Cyware Daily Threat Intelligence May 04, 2018

Top Malware Reported in the Last 24 Hours
Necrus campaign
An evolved variant of the Necrus botnet was found using .url files as part of its infection chain to bypass traditional detection mechanisms. The malware is sending malspam emails with an internet shortcut to a downloader script, which is executed remotely via the Server Message Block (SMB) protocol. Users must be careful not to download and execute .url files without scanning them.

New malicious campaign
Fake Flash updates are being used by a redirection sequence, ScrnSize, in order to carry out various malicious activities like fingerprinting and filtering, domain infringement, domain shadowing, cookie tracking, and malicious downloads. To stay safe, users are advised to map their digital presence and monitor it for vulnerabilities and compromises.

Top Vulnerabilities Reported in the Last 24 Hours
AMD’s Ryzenfall flaws
Earlier in March, CTS Labs released information regarding a new set of vulnerabilities, dubbed as Ryzenfall, found in the most basic aspects of the Ryzen and EPYC processors. Even though AMD has acknowledged these flaws and promised to release an update, no patches have been released. Security experts are of the belief that many of these flaws would take months to get fixed.

Windows 10 Meltdown patch has a flaw
A fatal flaw has been spotted in Microsoft's Windows 10 patches that were released to mitigate the Meltdown vulnerability. This bug allows hackers to bypass the issued patches. Windows 10 April 2018 Update (version 1803) appears to be the only version of Windows 10 coming with a fix in this regard.

Spectre next generation flaws
Eight flaws that are similar to the Spectre vulnerability have been identified by security researchers. Dubbed Spectre-NG, these flaws are discovered in modern processor designs. Intel has already announced that it is working on its own patches for Spectre-NG and developing others in cooperation with the operating system manufacturers.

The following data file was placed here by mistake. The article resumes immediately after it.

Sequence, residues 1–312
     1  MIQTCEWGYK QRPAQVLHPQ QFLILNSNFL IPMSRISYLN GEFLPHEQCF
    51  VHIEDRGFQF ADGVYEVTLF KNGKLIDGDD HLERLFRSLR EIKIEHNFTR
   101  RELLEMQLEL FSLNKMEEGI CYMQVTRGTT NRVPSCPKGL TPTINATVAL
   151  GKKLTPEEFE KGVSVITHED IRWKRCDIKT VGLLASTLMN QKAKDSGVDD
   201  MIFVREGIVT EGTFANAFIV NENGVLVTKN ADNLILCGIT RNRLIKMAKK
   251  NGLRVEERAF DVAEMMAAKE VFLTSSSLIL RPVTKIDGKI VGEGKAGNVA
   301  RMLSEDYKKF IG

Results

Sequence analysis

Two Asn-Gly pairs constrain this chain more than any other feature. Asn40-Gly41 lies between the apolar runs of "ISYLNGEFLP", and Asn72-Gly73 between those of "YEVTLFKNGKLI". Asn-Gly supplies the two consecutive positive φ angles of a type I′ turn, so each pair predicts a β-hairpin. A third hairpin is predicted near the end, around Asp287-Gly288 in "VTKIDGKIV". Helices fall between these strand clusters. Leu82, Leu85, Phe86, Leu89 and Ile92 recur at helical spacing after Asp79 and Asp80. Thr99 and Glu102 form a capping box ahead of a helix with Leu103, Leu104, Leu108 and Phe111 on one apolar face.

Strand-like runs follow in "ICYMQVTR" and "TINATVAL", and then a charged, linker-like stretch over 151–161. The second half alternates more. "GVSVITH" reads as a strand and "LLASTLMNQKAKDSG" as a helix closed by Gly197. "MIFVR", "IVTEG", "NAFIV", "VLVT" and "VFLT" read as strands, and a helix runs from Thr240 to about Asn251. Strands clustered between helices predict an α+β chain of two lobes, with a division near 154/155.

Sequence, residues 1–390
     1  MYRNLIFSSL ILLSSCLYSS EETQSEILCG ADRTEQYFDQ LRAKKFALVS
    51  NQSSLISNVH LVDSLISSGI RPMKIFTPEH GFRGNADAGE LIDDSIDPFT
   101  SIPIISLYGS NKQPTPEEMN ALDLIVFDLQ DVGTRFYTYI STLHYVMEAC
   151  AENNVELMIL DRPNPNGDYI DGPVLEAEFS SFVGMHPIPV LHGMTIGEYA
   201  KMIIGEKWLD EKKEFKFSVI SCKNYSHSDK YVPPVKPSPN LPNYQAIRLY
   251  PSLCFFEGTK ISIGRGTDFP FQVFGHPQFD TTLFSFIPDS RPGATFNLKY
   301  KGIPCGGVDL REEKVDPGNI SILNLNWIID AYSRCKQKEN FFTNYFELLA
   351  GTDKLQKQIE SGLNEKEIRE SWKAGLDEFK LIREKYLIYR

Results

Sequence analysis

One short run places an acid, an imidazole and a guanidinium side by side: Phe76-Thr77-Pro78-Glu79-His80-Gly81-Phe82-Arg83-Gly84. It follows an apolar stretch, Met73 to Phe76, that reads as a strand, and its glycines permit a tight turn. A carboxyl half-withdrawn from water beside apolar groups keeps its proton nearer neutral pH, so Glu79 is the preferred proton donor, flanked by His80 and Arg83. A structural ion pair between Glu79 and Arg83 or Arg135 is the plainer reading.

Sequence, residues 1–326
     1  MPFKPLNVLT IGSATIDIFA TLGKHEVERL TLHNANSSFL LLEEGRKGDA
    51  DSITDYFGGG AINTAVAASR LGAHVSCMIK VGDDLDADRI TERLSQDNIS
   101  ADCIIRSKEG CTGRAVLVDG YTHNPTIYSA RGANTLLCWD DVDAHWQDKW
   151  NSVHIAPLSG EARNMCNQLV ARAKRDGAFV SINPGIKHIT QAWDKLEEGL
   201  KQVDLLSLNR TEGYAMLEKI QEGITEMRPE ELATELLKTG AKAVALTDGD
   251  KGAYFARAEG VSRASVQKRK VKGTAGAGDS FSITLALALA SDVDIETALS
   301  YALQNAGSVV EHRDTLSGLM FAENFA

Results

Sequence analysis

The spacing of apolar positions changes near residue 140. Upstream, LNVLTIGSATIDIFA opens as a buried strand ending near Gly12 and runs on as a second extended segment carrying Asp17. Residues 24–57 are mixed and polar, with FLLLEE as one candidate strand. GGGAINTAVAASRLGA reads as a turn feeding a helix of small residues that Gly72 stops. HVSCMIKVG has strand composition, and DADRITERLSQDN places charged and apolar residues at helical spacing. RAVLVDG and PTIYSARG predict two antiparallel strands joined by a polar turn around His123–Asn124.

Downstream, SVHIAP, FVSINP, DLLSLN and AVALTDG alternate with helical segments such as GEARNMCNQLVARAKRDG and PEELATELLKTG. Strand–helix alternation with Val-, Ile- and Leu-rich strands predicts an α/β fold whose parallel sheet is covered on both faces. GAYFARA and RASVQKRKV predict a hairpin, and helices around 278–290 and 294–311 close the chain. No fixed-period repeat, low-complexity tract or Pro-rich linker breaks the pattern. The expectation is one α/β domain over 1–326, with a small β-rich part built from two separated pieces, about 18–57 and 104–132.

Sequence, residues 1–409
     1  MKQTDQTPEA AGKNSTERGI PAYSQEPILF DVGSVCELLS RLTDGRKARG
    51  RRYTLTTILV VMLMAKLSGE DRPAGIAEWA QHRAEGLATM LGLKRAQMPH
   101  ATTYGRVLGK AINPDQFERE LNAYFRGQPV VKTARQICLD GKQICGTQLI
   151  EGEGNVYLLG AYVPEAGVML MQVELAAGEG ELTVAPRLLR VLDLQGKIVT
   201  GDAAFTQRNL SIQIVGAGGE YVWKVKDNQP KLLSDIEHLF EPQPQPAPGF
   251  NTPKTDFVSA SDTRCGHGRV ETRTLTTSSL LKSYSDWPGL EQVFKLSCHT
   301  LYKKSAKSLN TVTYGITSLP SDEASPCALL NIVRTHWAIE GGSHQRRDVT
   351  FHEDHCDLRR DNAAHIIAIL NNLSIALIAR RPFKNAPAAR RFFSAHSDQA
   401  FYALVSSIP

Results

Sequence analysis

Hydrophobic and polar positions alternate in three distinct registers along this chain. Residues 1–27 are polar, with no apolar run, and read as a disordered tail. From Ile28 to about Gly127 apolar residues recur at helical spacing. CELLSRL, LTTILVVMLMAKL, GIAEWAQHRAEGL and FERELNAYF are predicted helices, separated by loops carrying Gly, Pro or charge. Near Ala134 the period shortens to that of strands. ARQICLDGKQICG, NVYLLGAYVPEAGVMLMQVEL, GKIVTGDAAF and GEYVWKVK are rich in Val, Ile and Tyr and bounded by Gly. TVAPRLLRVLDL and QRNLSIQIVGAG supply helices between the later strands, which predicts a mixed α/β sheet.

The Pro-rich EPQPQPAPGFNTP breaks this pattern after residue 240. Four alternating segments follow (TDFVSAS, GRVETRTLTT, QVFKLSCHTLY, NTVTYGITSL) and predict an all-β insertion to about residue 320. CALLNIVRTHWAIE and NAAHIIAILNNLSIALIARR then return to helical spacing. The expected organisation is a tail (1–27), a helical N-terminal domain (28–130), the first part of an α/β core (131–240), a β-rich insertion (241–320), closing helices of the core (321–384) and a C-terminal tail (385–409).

Top Breaches Reported in the Last 24 Hours
Bug in Twitter
Twitter discovered a bug in their internal systems which stored passwords in plain text. The social media platform urged all its 336 million users to change their passwords immediately. Twitter claimed that the bug has been resolved and there is no indication of breach or misuse of the user passwords.

OPSPARC results sabotaged
Users from 4chan launched a campaign to hack the results of NASA’s Optimus Prime Spinoff Promotion and Research Challenge (OPSPARC). Hackers used social media to disrupt the contest and manipulate the votes of a group of high school girls representing Banneker Academic High School in Washington, D.C. NASA ended the public voting soon after.

Top Scams Reported in the Last 24 Hours
GDPR-themed scams
Scammers are leveraging the European Union's GDPR to steal users’ information. Security experts of Redscan came across one such phishing campaign targeting Airbnb customers. Fake emails are being sent seeking consent from users in lieu of the GDPR implementation deadline. The email has a malicious URL asking users to click on it in order to update their personal information.

Facebook lottery scam
Queensland Police are warning Facebook users of a lottery scam, where a person claiming to be a Facebook employee, says they won a $7.5 million social media “lottery” prize. Till date, more than 30 people have fallen for the scam.

ProtonMail is warning its customers
ProtonMail is sending emails to its customers warning them about a phishing scam. ProtonMail emails are starred by default. There fore, if you receive any emails that appear to be coming from the emailing service but aren't starred, mark them as spam. Future emails from the same source will go to the your spam folder.



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